Use standing water to unclog a garbage disposal

Chemicals are less effective when mixed with unclean dishwater in a clogged sink because they cannot directly target the garbage disposal. In order to clear the clog sufficiently for the sink to drain (even for a double sink), use a plunger while the garbage disposal is off before using the soda and vinegar mixture.

Simply use the plunger to block the drain completely and create a vacuum. Pump the plunger back and forth for around 20 seconds while maintaining the seal. Continue diving deeper if this doesn’t work.

Use boiling water

If the obstruction that is blocking the disposal is anything that hot water can dissolve, boiling water can clear it. Fats that have solidified may be included in this list. Before trying other techniques, you can try putting boiling water into the garbage disposal.

Manually remove the blockages

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Put a bucket underneath the drain of the garbage disposal before removing the P-Trap, and then, using pliers, separate the slip nut fittings on the drain trap to remove it.

Verify the trap for obstructions, paying special attention to the bend. The inside of the garbage disposal drain should be cleaned and unclogged with a wire or brush. If there is no obstruction in this area, it might be in the trap arm.

You can remove the trap arm by releasing the slip nut holding the trap arm to the vertical branch drain. Next, remove the trap arm itself. Clean, then check for any obstructions.

Reassemble the slip nuts and the pipe parts. To remove any lingering debris, run the kitchen sink drain for a few minutes.

How to Prevent Clogged Garbage Disposals

Daily disposal operation

Regular use is beneficial for most appliances, and a garbage disposal is no exception. The moving parts of the garbage disposal might develop corrosion from water and food particles, which may cause it to freeze up. Even if there is nothing for the garbage disposal to gnaw on, run cold water through it daily to stop corrosion.

Run your garbage disposal for a while

Even after it has finished processing the food, leave the waste disposal running for a full minute. By doing so, you can be confident that every food particle has been broken up and removed from the disposal.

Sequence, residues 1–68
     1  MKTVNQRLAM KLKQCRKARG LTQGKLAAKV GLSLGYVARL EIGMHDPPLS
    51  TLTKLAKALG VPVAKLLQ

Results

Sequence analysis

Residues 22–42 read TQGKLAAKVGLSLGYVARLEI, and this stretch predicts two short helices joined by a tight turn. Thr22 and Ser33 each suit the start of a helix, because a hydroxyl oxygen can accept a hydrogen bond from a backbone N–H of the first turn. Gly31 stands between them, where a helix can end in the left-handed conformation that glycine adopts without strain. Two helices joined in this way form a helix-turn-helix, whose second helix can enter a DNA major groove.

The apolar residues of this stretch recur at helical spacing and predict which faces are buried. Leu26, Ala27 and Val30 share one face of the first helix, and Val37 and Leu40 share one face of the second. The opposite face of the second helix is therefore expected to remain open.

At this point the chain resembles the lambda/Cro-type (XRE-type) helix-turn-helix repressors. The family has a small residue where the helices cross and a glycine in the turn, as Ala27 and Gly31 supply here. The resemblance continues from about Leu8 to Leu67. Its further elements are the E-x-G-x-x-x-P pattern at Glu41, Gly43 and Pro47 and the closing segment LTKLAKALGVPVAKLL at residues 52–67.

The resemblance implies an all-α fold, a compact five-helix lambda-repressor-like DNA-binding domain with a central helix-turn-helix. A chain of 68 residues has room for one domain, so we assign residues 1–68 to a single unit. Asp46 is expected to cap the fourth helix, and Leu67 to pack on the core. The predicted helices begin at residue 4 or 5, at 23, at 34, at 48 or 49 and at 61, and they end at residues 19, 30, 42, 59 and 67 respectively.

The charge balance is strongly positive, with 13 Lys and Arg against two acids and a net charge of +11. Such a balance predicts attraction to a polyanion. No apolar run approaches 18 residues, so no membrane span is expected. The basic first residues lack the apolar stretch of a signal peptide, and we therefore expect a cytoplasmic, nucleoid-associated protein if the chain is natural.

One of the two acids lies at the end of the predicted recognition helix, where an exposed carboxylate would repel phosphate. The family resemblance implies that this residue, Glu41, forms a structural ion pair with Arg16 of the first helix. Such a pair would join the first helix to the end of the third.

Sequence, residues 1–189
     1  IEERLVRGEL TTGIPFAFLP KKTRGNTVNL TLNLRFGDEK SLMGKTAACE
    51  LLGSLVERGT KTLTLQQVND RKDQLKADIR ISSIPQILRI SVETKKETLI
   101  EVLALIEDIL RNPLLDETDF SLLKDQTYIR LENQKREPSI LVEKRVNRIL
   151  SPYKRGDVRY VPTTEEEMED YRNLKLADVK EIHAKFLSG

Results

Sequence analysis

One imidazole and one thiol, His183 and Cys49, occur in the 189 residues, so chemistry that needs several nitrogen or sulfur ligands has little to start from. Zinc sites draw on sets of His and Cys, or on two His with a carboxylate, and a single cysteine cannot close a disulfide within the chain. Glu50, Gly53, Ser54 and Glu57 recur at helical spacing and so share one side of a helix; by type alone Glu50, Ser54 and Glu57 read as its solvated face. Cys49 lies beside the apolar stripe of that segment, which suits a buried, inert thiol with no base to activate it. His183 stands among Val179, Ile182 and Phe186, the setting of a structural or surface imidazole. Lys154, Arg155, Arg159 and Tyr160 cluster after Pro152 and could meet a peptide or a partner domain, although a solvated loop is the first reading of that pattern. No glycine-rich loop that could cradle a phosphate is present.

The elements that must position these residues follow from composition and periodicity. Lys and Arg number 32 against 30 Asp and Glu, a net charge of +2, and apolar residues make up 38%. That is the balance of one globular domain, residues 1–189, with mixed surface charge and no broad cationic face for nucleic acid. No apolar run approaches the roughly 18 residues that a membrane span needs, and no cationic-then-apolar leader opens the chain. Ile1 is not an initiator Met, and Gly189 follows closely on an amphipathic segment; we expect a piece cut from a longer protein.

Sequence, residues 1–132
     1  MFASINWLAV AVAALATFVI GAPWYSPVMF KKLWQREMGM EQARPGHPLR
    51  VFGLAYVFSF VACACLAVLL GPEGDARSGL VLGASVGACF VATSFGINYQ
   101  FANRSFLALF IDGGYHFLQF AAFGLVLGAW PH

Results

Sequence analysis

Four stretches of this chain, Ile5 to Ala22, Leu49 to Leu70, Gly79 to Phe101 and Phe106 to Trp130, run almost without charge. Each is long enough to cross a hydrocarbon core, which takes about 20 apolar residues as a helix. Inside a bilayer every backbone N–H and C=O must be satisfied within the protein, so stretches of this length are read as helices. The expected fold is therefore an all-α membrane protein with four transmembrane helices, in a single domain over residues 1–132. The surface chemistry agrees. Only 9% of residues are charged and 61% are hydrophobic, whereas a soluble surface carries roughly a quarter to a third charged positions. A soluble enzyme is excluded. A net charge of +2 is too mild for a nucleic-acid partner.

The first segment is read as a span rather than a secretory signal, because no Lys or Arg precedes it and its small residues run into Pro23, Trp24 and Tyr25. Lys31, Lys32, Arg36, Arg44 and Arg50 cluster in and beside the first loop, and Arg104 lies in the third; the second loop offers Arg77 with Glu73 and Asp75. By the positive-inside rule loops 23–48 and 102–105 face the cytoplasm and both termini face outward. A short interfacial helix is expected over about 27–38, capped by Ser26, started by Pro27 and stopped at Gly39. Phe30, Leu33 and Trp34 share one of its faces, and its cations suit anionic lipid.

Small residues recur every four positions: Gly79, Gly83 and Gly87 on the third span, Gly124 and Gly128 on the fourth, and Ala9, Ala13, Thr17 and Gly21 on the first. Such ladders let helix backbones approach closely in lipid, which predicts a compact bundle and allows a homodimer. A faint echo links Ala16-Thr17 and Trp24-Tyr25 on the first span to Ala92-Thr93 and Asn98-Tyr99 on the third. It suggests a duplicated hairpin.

Turn citrus slivers into powder

Orange and lemon rinds that have seen better days make excellent garbage disposal cleaners. Food leftovers stuck to the garbage disposal unit are cleaned away by grinding acidic citrus rinds, which also leave a pleasant citrus aroma in their wake.

Avoid giving the garbage disposal more than it can handle

Despite having strong motors, disposal units still have their limitations. When chunks of food are jammed down the drain, the motor works harder and may even freeze up. To avoid overtaxing the motor, cut large pieces of food into tiny parts before putting them in the garbage disposal.

FAQ

How can a garbage disposal be unclogged without disassembling it?

First, shut off the disposal’s power. Then, clear away any obvious debris with tongs or pliers. After pouring hot water down the drain, pour a solution of baking soda and vinegar.

Why is my garbage disposal not draining?

A blockage in the drain line, a broken or worn-out impeller, a broken or blocked drain valve, a malfunctioning motor, or any of these factors may prevent a trash disposal from draining.

What's causing my garbage disposal to back up?

An obstructed drainpipe or plumbing system, a clogged grinding chamber, or incorrect use (such as disposing of non-food items) can all cause a garbage disposal to back up. To solve the problem, a qualified plumber may be required

Will vinegar and baking soda clear a clogged garbage disposal?

Baking soda and vinegar can help with some blockages, but they might not work for all obstructions in garbage disposals. If the blockage continues, it’s better to seek the advice of a qualified plumber.